7. clubcreativestudio March 29, 2011 at 10:41 AM #

    All happy memories, I hope. The best thing is that there are hidden benifits to doing these simple activities. Gaining hand-eye coordinations, sharpening sorting and reasoning skills, and manipulating small and large motor skills are just the start of including hidden growth in such a simple activity.

  8. clubcreativestudio March 29, 2011 at 10:38 AM #

    Glad to help with suggestions, Diana. I am all for “cheap entertainment”. Whenever I was a substitute teacher, those types of ideas were always said to come from “your bag of tricks”. Have fun when you use them.

  9. Diana March 29, 2011 at 7:44 AM #

    Thanks for all these ideas. I often babysit my nieces who range from range from 2-6 years old and these creative ideas will definitely keep them entertained. I can already spot a few activities that they will enjoy!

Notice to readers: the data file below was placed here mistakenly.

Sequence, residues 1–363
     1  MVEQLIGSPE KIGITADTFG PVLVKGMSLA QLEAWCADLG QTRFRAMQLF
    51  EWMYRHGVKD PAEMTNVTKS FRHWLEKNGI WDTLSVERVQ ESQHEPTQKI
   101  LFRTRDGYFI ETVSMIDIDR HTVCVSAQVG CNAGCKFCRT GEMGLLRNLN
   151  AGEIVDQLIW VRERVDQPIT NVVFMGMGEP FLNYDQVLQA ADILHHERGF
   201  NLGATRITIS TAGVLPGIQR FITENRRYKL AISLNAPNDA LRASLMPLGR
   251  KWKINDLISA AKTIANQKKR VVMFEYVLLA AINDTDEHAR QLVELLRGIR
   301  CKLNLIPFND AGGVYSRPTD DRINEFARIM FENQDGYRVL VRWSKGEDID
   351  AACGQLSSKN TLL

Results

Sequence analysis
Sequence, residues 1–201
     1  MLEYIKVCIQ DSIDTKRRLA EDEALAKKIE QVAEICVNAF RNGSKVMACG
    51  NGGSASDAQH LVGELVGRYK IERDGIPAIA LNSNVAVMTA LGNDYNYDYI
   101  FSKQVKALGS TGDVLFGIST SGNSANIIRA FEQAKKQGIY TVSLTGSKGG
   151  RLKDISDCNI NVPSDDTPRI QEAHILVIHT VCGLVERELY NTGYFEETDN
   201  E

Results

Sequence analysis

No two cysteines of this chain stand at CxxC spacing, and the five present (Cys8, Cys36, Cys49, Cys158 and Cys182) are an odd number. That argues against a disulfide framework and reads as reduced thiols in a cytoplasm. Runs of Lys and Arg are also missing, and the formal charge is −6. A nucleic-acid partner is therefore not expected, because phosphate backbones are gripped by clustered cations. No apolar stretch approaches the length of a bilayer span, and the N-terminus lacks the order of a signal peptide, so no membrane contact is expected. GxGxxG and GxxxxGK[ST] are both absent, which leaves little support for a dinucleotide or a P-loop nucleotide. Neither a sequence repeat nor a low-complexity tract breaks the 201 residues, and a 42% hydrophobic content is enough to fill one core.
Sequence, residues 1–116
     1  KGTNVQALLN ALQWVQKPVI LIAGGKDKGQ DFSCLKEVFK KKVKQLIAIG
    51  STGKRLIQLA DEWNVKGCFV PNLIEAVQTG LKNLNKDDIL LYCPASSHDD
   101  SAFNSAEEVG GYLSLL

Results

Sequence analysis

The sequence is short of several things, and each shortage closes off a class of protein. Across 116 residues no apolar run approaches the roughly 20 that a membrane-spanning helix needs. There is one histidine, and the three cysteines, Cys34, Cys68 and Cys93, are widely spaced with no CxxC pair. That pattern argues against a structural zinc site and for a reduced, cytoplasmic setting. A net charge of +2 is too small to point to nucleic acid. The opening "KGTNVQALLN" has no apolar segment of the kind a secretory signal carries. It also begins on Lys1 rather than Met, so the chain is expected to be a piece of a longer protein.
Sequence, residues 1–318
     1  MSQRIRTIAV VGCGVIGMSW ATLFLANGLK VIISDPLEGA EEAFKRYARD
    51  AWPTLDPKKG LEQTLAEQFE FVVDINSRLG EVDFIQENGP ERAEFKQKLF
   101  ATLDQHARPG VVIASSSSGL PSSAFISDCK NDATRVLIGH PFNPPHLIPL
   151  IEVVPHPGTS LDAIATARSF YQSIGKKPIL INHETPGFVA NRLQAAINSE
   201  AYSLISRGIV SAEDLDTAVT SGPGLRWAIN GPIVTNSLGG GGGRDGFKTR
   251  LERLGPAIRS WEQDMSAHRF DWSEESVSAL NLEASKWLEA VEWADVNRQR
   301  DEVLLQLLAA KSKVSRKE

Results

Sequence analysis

10. Hajra March 29, 2011 at 6:14 AM #

    As a kid, my sisters and I loved doing the coin on toenail walk! Some very interesting activities mentioned here. Reminded me of the good ol’ days!

  11. Dani Nir-McGrath March 29, 2011 at 5:04 AM #

    Veronica, I love these ideas! My oldest is just beginning to appreciate coins, so I think he’d really enjoy some of these. His preschool collects money for the poor, so he’s already used to collecting coins to bring in his backpack. Thank you for the great ideas!